Summer is considered a time of rest and relaxation, but summer is naturally a time of energy and growth.
The summer light invites you to stay up late and get up early, and the heat of the day might leave you feeling ready for a midday siesta. But nature doesn’t rest – it flourishes during summer. Your garden, if you have one, becomes prolific, generating a bounty of fruits and vegetables to enjoy, as well as weeds to contend with. How many zucchini recipes do you have? How much yellow squash can you give away to friends?
If you get to take a vacation, you can feel squeezed on the front end as you prepare and exhausted on the backend as you catch up. When you’re away, do you focus on resting, enjoying a good book by the pool? Or do you pack your schedule with activities, fitting in as many experiences as possible? Do you need a vacation after your vacation?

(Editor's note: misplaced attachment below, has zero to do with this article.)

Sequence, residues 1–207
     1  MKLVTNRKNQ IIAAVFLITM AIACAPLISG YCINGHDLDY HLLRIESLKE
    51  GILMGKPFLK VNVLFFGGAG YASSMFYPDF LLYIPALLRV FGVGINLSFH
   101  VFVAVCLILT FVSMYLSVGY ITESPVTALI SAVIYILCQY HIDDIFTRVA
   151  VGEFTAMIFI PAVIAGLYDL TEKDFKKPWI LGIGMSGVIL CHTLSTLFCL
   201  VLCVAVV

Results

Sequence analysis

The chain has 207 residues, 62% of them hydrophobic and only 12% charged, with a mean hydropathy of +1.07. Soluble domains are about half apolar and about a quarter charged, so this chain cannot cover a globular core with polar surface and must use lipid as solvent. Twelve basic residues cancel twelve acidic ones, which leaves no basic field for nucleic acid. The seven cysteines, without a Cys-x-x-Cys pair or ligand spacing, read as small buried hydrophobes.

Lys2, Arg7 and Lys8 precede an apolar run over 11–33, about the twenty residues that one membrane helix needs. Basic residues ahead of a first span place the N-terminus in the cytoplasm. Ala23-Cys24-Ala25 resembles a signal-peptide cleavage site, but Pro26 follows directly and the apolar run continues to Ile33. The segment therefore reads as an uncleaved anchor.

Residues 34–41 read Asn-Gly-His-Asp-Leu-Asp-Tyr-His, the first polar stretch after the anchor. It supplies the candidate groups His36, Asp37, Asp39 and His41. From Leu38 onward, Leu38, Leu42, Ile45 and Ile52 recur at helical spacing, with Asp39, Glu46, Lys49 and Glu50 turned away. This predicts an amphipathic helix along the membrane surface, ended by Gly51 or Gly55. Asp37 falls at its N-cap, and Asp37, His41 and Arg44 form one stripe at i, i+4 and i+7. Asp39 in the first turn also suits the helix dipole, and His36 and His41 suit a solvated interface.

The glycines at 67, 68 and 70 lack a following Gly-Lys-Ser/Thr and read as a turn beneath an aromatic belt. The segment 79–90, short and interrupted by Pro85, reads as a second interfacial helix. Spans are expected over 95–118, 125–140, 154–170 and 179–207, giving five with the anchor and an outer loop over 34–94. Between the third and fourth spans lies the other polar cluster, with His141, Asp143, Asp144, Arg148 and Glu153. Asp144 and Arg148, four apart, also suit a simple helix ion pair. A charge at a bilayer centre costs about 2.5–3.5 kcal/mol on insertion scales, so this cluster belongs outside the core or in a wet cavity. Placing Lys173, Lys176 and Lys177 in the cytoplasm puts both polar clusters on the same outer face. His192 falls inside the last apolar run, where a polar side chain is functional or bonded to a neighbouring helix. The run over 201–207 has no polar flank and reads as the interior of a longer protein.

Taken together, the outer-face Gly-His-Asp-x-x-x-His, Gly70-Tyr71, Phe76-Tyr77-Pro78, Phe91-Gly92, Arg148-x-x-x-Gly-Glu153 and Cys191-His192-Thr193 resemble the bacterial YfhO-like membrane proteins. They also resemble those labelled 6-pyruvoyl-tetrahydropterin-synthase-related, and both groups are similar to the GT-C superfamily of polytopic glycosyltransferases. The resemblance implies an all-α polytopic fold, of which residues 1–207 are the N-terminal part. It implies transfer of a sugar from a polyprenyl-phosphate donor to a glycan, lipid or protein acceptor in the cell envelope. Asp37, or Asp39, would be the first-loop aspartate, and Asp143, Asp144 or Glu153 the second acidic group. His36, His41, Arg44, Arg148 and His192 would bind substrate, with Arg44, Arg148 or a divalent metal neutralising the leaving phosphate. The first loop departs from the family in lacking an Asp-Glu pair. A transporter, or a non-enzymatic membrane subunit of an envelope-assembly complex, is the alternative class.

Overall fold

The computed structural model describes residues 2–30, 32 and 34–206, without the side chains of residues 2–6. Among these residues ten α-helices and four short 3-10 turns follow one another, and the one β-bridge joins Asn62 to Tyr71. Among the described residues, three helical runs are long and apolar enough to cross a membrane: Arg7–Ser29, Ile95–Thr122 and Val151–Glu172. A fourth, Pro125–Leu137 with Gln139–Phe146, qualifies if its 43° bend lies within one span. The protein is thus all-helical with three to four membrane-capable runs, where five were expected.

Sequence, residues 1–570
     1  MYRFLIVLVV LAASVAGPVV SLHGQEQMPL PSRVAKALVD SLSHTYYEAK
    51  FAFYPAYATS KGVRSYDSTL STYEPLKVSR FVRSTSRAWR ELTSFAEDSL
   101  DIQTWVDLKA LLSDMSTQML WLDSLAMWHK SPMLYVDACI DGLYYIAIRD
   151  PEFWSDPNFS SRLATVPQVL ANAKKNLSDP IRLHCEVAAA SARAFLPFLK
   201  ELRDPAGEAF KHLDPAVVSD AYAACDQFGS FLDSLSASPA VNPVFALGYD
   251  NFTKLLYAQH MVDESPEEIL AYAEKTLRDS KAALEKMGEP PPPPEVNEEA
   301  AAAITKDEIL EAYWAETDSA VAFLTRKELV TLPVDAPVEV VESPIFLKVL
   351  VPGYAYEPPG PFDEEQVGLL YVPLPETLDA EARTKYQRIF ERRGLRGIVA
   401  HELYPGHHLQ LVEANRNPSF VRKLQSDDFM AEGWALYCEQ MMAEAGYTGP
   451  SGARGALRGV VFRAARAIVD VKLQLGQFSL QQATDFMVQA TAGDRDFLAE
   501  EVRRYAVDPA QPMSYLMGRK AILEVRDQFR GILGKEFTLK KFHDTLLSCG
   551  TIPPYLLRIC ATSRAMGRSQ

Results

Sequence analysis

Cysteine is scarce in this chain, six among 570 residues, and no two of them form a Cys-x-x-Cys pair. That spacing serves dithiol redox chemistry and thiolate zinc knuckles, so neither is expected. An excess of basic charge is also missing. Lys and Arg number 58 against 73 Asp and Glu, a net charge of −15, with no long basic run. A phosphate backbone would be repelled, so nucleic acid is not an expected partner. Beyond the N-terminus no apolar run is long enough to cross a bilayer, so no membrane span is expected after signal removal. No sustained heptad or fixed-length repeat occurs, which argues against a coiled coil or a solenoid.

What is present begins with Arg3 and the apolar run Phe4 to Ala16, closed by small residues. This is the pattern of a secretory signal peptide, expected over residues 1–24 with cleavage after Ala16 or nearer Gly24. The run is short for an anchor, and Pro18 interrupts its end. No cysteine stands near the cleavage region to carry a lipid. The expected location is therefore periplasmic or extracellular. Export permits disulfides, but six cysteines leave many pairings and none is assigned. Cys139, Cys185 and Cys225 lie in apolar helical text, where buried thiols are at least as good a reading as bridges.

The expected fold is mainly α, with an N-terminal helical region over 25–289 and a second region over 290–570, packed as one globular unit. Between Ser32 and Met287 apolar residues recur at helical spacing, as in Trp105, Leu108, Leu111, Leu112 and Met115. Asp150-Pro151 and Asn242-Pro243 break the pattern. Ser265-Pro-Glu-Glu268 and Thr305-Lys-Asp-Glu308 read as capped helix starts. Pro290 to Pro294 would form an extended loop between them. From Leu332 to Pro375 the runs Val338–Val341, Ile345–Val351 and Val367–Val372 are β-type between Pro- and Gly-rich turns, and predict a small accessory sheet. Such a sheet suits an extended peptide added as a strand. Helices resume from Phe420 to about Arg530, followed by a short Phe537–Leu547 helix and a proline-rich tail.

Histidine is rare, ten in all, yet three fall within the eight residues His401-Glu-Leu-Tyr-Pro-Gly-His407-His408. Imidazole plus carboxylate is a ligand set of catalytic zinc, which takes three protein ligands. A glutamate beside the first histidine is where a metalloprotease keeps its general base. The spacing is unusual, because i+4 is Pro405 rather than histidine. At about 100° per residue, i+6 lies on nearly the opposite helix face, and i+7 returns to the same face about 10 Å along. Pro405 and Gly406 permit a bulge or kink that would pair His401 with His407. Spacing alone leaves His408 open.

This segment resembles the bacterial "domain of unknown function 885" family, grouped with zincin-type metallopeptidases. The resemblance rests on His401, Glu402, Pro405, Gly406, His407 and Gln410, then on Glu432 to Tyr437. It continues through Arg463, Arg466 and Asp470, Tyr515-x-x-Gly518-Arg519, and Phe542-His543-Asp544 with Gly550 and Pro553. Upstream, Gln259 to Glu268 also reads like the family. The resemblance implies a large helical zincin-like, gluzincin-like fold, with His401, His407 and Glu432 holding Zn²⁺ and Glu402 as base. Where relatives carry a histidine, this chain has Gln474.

Summer is a time of disrupted routines. It can be nice to mix it up and take a break from the ordinary. But it can be challenging – just ask working parents as they try to occupy their children in hopes of keeping their jobs on track during the summer months.
In fact, I would argue winter is a better time for restoration, when nature goes dormant, light gets shorter and life gets quieter. The idea of summer as a time for a break probably comes from academic schedules, but it doesn’t fit with the energy of the season. Summer is expansive, energetic, bright, playful, busy, fun — but not naturally restful.
For the remainder of your summer, observe how your energy expands and contracts. Pace yourself. If you need a rest, keep in mind that you’re going against the exuberance of the season and set up an intentionally soothing situation. Take an afternoon off from wrestling your garden, find a shady spot, a cool glass of lemonade and relax with a lighthearted podcast. Otherwise, enjoy the vivaciousness of summer and remember that you can hibernate and restore more naturally come winter.